House of Commons Procedure and Practice

Second Edition, 2009

House of Commons Procedure and Practice - 6. The Physical and Administrative Setting - Contents and Introduction

6. The Physical and Administrative Setting

Photo of Unicorn with the arms of Canada and the flag of Royal France from the Peace Tower Main Archway.



*    Location and Disposition

Figure 6.1    Parliament Hill

Title, Management, Care and Control

*    The Centre Block

Figure 6.2    Floor Plan of the Centre Block

*    Peace Tower

*    Library of Parliament



Figure 6.3    The House of Commons Chamber

*    Seating

*    The Chair

*    The Table

*    The Mace

*    The Bar of the House

*    The Galleries


Disorder in the Galleries

*    Lobbies

*    Sound Reinforcement, Simultaneous Interpretation, and Broadcasting Systems

Provision for Still Photography

*    Other Uses of the Chamber





*    Overall Authority of the Speaker

*    Board of Internal Economy



Mandate and Authority

By-laws and Decisions of the Board

*    Standing Committee on Procedure and House Affairs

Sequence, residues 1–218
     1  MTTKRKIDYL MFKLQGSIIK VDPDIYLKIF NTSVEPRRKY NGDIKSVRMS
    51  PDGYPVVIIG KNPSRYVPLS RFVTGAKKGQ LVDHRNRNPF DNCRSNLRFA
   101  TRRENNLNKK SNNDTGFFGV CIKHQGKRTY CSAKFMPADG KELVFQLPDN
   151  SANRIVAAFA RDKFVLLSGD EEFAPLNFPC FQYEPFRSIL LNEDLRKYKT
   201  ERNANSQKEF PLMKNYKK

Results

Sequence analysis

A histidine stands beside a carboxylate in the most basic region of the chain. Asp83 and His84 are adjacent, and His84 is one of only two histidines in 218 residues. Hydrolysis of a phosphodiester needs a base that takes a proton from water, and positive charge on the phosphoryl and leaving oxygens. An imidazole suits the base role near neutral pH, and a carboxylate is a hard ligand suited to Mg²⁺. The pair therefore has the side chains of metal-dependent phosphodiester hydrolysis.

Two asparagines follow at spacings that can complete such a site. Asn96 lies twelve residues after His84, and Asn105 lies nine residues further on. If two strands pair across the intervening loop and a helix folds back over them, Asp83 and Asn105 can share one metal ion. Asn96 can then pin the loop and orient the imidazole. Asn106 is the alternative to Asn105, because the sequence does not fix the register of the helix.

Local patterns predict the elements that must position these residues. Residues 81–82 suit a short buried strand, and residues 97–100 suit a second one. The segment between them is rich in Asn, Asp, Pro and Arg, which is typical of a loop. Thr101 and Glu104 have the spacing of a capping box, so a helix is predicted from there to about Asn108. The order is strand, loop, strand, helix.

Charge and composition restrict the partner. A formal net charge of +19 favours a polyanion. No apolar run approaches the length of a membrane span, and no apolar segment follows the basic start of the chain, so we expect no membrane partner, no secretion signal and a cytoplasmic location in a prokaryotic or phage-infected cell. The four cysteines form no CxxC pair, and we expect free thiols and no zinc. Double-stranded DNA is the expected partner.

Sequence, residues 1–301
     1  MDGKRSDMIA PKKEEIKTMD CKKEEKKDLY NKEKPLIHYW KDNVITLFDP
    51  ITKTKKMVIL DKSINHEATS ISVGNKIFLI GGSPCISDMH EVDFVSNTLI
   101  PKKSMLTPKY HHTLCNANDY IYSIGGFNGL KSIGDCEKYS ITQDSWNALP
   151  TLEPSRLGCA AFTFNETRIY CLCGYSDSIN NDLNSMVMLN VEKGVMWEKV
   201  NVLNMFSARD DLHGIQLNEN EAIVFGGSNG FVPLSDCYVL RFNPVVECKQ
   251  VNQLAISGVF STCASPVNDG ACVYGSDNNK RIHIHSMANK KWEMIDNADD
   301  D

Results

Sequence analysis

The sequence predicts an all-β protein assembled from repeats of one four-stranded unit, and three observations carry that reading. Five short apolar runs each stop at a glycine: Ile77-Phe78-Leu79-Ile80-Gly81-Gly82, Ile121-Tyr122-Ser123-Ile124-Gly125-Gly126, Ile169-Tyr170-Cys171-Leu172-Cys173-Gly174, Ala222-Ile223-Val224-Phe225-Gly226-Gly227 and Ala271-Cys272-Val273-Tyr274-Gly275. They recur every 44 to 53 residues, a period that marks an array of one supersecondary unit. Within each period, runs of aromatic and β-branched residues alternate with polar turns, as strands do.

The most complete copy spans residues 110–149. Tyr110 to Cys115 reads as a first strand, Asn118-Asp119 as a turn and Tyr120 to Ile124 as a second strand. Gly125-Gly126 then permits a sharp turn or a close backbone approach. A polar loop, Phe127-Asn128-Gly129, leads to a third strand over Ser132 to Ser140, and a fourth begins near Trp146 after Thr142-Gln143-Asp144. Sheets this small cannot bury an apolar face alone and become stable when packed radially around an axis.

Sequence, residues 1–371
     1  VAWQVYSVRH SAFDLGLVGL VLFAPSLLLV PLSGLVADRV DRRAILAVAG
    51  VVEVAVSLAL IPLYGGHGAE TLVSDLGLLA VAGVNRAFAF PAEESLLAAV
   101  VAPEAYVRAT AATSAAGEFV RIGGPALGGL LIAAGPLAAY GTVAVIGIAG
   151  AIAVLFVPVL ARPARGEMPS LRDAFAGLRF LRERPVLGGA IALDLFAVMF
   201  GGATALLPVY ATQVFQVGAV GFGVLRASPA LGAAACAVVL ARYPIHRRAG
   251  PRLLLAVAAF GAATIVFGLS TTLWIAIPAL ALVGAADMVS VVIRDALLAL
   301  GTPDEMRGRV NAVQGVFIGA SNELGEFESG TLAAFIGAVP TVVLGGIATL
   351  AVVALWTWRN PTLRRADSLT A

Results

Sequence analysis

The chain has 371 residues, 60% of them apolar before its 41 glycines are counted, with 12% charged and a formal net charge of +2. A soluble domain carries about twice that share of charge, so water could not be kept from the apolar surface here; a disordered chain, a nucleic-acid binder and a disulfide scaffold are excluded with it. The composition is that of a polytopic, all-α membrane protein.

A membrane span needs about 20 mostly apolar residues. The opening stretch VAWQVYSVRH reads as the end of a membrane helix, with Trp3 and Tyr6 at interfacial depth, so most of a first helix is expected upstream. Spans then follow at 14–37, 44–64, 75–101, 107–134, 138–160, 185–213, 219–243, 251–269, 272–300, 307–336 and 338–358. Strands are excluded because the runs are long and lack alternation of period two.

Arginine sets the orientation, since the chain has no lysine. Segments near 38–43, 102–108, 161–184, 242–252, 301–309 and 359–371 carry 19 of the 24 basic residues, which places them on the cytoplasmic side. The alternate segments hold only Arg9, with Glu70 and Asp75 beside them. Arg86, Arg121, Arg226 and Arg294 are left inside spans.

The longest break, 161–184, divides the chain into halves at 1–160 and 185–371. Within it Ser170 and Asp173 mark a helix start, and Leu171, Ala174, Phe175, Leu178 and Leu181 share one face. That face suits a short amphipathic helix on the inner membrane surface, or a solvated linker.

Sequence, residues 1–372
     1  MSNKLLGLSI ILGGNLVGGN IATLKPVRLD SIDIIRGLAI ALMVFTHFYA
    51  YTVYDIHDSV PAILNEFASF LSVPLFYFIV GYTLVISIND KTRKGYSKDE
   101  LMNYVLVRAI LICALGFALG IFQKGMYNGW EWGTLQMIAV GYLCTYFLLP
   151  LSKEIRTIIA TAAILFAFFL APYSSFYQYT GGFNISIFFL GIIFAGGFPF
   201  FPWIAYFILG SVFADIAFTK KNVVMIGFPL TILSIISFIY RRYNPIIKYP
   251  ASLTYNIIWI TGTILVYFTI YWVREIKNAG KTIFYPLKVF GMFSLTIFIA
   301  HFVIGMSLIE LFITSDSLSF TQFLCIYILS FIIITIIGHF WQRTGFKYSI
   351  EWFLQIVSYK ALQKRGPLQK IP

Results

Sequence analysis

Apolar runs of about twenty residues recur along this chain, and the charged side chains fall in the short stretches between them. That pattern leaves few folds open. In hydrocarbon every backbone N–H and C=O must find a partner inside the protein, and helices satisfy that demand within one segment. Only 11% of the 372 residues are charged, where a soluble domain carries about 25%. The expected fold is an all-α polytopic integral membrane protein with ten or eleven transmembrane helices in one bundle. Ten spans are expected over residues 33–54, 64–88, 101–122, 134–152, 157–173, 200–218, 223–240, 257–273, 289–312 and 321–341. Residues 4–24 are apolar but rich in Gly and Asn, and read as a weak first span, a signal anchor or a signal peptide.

*    Office of the Clerk of the House


There is no such thing as a bad seat in the House of Commons.

Speaker Gilbert Parent

(Debates, September 30, 1998, p. 8585)

While the House of Commons conducts its business in accordance with established procedures and practices, it does so in its own unique physical setting and under administrative structures of its own making. These two factors are an important backdrop to the procedural operations of the House. This chapter provides information about Ottawa as the seat of government, the Parliament Buildings, the House of Commons Chamber and the administrative framework through which are provided an array of facilities and services dedicated to the operations of the House and the needs of its Members.

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